At an elementary level, reading and talking about stories like Boomer Be Nice is a great way to open up the discussion of bullying. Fun programs and assemblies that address bullying are great to create bullying awareness. Schools could recognize children who lead in the area of treating others politely and with respect. Also, if a former student that was bullying is behaving better, her or his teachers should acknowledge that as well.
Working on this issue with middle and high school student can be a little bit tougher, but it's just as important. One reason for the higher level of difficulty is that older students might be more adept at saying or doing things are that cruel to their peers. At a result, the issue of bullying is more intensified in these grade levels.
Some kids are afraid or ashamed to speak up. That's why we have to start teaching about character and integrity at a very young age. Lessons such as how to intervene in a respectful way with boldness, compassion, love, treating others as you want to be treated, understanding, and teamwork can be very effective over time. These methods can also help youth grasp the concept of togetherness and how this the idea of unity can truly counteract bullying behaviors.
Overall, we can teach kids to talk it out, know when to defend themselves, report bulling issues, support the parties involved, and to intervene when necessary. Peer mediators are a good way to deal with bullying too.
Jonathan: What is the pivotal point in your book and how would that be important for young people?
Stacy: In Boomer Be Nice, the pivotal point is when Boomer finds himself sad and alone because he has bullied all of his friends on the playground. As a result, everyone leaves him by himself on one side of the playground because they don't want to be around him when he's being mean. Boomer is then advised by his mother to not only apologize, but to make amends for what he did to his friends. Boomer learns the valuable lesson that no one wants to be around a bully. As a result, the transformed-Boomer even likes himself better when he is kind and polite to his friends. Overall, the story shows that everyone and every situation is redeemable.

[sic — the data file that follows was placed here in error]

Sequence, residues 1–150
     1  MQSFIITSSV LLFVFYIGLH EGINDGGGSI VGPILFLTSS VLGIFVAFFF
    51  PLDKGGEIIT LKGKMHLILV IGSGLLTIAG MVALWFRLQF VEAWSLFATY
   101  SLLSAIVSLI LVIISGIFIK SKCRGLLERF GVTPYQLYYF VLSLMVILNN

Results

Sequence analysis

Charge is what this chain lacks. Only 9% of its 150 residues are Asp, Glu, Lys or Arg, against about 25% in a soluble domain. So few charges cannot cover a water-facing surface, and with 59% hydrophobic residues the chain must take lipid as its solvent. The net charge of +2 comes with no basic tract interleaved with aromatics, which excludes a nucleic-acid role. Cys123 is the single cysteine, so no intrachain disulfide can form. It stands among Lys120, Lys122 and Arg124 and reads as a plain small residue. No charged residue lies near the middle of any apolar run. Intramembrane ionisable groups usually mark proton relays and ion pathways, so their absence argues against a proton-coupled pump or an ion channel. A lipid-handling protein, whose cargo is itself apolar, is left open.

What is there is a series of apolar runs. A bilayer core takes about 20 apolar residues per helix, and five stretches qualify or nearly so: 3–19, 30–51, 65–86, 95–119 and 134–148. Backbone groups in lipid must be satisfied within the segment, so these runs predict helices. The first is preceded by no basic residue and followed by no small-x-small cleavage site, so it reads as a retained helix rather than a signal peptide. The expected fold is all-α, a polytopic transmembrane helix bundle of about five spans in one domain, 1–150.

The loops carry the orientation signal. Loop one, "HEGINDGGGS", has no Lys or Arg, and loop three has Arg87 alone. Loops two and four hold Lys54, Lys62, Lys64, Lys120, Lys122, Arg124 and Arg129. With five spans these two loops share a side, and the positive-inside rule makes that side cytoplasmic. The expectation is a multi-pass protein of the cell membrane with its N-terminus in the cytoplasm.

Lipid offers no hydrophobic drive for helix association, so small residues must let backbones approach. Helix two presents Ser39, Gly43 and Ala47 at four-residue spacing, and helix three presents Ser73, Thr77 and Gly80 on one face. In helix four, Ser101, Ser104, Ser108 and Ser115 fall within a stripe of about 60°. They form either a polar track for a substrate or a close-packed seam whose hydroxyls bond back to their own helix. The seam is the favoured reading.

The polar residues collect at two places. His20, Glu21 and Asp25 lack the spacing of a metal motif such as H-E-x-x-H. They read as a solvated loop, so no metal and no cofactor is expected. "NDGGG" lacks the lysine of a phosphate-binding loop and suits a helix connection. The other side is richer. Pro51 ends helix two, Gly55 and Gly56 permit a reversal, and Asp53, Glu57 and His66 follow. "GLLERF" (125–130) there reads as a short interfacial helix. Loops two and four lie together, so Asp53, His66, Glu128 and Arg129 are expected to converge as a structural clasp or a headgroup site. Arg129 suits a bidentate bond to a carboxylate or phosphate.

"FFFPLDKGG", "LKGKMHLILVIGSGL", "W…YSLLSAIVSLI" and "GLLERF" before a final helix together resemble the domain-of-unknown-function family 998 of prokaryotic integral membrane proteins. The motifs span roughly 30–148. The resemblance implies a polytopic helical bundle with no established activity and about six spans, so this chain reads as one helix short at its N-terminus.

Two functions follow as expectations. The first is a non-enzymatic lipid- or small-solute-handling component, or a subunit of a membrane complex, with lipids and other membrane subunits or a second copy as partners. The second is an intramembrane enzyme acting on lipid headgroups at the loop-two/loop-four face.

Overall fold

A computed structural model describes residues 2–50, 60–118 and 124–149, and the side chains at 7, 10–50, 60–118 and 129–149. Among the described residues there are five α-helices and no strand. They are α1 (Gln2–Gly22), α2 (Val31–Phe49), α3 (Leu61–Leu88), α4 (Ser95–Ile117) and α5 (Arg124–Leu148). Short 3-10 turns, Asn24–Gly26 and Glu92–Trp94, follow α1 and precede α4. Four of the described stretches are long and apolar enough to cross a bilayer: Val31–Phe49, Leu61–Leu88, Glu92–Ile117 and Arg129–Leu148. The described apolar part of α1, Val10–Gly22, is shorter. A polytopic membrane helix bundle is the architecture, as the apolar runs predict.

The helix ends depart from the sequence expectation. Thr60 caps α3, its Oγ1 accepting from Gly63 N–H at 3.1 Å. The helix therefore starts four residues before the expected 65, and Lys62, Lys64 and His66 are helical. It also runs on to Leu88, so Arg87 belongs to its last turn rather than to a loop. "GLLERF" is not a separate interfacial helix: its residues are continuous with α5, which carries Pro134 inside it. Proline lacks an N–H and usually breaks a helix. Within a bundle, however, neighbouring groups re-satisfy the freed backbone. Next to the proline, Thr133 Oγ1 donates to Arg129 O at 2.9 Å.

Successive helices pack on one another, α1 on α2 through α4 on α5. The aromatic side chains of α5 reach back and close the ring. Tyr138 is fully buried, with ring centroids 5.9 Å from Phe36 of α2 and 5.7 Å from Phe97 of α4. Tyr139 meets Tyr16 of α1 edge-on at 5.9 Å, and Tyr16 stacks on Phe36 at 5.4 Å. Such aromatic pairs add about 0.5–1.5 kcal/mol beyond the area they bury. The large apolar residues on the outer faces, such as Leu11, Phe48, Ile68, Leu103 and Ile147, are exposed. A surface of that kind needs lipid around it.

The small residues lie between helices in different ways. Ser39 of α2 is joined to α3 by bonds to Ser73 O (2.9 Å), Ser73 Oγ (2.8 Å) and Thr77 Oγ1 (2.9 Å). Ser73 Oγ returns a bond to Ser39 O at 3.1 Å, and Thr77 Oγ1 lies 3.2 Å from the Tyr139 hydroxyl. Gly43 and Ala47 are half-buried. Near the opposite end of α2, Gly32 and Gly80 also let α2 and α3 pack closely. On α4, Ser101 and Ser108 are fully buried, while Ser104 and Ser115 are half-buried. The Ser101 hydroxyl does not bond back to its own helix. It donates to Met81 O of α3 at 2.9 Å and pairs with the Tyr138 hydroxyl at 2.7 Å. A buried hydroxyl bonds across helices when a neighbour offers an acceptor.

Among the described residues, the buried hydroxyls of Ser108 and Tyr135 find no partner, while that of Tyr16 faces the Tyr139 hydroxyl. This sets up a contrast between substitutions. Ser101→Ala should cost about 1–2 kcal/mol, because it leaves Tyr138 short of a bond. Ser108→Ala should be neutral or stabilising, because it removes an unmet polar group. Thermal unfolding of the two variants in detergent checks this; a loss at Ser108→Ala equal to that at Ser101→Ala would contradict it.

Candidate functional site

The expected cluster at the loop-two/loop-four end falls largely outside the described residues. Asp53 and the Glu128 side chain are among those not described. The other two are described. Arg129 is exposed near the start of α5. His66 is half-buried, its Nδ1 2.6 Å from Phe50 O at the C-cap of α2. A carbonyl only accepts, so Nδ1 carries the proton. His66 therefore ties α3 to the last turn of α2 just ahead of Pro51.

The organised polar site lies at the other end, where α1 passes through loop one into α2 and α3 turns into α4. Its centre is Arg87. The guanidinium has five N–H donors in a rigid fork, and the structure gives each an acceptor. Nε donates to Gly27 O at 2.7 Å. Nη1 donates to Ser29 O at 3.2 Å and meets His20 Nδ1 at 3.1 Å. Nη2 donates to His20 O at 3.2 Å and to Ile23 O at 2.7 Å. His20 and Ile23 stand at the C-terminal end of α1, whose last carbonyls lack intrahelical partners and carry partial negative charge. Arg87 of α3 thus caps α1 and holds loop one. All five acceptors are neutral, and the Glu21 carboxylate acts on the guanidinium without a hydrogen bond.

Lastly, I want to add one more thing. As I said earlier, I don't believe that bullying will ever go away completely. It is sad, but some people will never change - or at least not in the time-frame where we might need to see that change. With this in mind, parents, teachers, counselors, and anyone who interacts with children should teach them to be confident in themselves and who God created them to be.
The truth is that bullies often have low self-esteem and subconsciously want others to feels that way as well. It's like that saying, "Hurt people, hurt people." And the idea of bullying applies to children, as well as to adults.
Some child-bullies are going through a lot at home and are facing issues that we can't even imagine. As a result, these 'traumatized' students come to school and take out their frustrations on who they see as a weaker person. In a way, their poor behaviors might be a coping mechanism for the pain they are facing somewhere else. I'm not giving them an excuse. However, I'm saying that when this happens, it is important that we teach children to live beyond what people say and do to them. That's not always going to be easy and sometimes the bullying is not going to go away.
Jonathan: That's really important, Stacy. It agrees with the courageous author, Nick Vujicic (Stand Strong,You Can Overcome Bullying, 2014), who adds that the "bully's motives don't matter. You do!"
Do you have any closing thoughts for us today?
Stacy: Yes, I often tell the children I work with to know who they are and that their Higher Power made no mistakes when in creating them. After all, if a bully doesn't like another child's hair, skin, body type, teeth, clothes, hobbies, and so forth, then that's their issue (not the child who is being bullied).
I also tell them to not be afraid to stand up for what's right and to never be ashamed of reporting the truth. Finally, I tell them to always treat everyone right because they won't regret acting kind toward others. After all, they might never actually know what people are battling or what they are thinking.
My last thought is this: the issue of bullying can influenced and changed in a positive way in homes, schools, communities, and more. I think that if we work together as a team, this issue of bullying can be helped. By writing the book, Boomer, Be Nice, my goal was to reach children and show them how bullying impacts everyone. If one child can learn this lesson and change how they treat their peers, my goal has been accomplished. In this way, I believe it's beneficial to train children to behave the right way when they are younger, rather than to try to reprogram an adult who is stuck in their ways.
Jonathan: Thank you for your time today.
Stacy: No problem, Jonathan. I hope these responses are helpful.